It was our pleasure to be involved in the newest introduction of GC detection technology, based on VUV absorption spectrophotometry (22). A schematic in Figure 1 depicts an instrument that measures broadband absorption at a rate of up to 100 Hz from 115 nm to 240 nm. Importantly, all chemical species absorb and have unique gas phase spectra in this wavelength range. The outlet of the GC column is attached to a deactivated stainless steel heated transfer line. Any common carrier gas can be used. The effluent is mixed with a make-up gas (argon or nitrogen, typically), which can be controlled to alter the residence time of the chromatographic peaks in the flow cell. The flow cell itself has a 10-cm pathlength and an approximately 80-µL volume. The make-up flow is optimized to ensure that the detector volume does not induce band broadening, but also that the residence of analyte is sufficient for appropriate signal averaging to reduce noise. A deuterium source lamp supplies the electromagnetic radiation. Reflective optics pass the light through magnesium fluoride windows, through the flow cell, and into the detector module. A charge-coupled detector simultaneously records the transmittance of all wavelengths, in a manner similar to a photodiode-array detector for liquid chromatography. A data station is loaded with software specifically designed to collect and analyze the chromatographic signal. In the current manifestation of the instrumentation, the VUV detector software can either trigger the GC run through a contact closure, the GC can trigger the VUV detector, or separate GC controller software can be used on the data station. In our laboratory, the VUV detector is installed on a Shimadzu GC system, but it has also been installed on Agilent and PerkinElmer systems. There are no limitations in this regard.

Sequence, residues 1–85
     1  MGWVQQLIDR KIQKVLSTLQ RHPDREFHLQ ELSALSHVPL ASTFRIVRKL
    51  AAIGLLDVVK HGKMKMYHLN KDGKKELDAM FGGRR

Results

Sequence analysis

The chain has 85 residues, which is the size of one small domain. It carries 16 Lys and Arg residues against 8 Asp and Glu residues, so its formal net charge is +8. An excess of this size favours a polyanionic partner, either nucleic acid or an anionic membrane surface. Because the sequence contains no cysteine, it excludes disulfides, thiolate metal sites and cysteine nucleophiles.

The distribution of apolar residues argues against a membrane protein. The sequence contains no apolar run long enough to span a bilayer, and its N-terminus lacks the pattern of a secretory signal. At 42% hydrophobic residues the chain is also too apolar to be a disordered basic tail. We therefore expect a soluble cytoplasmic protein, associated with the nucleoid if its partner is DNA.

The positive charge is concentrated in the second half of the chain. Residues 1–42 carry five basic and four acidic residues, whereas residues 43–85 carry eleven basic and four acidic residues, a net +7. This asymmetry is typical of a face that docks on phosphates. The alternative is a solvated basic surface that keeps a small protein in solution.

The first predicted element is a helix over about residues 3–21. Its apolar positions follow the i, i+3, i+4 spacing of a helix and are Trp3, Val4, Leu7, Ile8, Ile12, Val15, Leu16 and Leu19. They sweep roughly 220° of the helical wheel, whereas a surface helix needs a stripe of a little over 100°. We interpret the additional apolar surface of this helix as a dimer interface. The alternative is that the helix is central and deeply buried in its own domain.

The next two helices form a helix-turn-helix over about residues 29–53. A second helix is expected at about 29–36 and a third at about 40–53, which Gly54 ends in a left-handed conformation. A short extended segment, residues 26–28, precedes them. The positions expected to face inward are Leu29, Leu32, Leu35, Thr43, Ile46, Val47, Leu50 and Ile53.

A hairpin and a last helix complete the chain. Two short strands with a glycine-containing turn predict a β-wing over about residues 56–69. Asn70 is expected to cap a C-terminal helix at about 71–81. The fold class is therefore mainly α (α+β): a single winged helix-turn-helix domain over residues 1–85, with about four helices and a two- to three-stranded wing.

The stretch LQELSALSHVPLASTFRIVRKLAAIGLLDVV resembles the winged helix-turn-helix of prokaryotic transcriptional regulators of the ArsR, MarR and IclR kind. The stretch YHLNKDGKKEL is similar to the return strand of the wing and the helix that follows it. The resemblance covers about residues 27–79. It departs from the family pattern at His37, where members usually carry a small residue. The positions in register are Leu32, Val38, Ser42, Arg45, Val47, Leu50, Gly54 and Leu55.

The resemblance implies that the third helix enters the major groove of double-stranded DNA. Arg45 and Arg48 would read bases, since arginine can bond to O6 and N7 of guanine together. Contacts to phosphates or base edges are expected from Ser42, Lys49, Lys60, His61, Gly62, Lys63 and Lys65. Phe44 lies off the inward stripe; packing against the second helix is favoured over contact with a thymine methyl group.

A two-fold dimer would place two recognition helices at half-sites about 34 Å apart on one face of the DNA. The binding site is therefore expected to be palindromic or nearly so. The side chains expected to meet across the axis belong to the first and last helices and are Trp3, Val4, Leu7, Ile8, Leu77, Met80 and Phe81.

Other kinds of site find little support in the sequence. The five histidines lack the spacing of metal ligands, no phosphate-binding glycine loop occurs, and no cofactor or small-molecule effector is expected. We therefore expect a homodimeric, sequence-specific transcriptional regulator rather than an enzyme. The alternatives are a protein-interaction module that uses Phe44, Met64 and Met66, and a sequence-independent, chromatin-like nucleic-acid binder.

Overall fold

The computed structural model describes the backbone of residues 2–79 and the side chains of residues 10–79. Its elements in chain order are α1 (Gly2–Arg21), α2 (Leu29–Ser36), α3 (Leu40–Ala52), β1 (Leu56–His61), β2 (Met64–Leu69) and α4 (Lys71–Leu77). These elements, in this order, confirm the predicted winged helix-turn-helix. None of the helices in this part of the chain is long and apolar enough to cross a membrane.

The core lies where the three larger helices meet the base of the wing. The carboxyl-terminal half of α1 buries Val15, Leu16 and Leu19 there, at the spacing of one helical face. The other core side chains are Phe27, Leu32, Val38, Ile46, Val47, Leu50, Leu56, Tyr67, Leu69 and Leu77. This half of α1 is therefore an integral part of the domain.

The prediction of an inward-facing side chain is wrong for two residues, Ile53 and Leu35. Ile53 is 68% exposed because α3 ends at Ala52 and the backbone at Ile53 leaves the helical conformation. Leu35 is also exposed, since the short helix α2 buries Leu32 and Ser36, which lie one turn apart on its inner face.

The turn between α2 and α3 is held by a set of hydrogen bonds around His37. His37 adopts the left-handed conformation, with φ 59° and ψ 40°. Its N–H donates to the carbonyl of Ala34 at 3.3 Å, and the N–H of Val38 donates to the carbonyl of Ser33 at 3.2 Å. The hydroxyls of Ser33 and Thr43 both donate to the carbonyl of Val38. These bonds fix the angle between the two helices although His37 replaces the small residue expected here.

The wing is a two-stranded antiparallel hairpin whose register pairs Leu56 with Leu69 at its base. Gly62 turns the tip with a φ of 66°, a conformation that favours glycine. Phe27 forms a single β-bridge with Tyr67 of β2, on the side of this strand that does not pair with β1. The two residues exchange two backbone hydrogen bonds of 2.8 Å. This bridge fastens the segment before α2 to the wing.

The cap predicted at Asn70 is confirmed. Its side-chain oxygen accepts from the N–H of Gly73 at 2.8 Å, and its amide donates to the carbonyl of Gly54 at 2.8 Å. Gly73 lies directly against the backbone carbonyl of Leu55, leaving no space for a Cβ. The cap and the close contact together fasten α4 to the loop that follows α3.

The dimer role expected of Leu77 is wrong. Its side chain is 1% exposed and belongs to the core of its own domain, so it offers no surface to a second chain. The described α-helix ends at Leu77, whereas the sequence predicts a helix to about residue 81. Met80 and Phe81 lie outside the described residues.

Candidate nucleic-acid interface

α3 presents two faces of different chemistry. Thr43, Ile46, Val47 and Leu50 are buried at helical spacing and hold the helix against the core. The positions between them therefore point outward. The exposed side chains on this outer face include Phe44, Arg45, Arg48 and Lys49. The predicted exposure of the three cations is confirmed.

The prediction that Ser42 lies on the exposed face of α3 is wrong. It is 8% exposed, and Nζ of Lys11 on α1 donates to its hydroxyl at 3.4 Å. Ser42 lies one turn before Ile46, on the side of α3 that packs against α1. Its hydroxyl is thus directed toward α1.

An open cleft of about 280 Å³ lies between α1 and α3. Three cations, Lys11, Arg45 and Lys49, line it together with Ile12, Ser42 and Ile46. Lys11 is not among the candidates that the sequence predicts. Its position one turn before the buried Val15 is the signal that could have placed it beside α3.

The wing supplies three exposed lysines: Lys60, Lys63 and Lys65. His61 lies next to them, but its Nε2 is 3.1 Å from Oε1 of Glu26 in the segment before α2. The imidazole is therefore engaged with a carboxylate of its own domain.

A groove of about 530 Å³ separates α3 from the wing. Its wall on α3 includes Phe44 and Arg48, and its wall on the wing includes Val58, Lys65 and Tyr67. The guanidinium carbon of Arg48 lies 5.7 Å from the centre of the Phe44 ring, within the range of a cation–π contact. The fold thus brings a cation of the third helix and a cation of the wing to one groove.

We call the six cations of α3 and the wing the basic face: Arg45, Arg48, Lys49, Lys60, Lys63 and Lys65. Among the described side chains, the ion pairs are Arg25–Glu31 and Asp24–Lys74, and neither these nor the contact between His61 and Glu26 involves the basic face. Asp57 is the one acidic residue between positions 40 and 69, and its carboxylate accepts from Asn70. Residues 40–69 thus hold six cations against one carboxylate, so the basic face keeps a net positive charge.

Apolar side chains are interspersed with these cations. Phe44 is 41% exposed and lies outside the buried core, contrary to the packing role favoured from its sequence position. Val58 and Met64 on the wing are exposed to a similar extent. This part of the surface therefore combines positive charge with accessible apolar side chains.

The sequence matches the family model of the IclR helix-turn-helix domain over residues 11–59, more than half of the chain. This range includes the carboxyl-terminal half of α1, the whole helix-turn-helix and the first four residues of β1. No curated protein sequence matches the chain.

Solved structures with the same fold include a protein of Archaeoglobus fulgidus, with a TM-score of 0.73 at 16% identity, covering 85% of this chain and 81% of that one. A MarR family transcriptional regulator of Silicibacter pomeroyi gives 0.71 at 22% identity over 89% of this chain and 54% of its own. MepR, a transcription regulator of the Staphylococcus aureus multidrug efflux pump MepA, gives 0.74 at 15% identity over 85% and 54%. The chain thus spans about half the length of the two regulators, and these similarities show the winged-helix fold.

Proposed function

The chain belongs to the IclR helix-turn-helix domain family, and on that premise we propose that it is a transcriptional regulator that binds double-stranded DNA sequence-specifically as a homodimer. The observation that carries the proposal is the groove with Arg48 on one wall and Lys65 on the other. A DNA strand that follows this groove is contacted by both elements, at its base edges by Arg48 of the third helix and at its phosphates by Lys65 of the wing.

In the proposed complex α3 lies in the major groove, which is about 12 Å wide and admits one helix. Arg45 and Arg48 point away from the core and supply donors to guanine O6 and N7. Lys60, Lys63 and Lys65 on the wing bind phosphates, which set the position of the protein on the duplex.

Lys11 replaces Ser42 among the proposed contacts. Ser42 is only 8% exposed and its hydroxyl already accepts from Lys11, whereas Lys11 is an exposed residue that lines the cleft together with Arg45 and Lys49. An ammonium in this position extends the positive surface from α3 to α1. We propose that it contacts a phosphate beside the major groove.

Figure 1: General schematic of a GC–VUV instrument (based on VGA-100 from VUV Analytics, Inc.). 1 = gas chromatograph, 2 = heated transfer line, 3 = make-up gas flow, 4 = deuterium lamp, 5 = MGF2 windows, 6 = flow cell, 7 = diffraction grating, 8 = charge-coupled detector.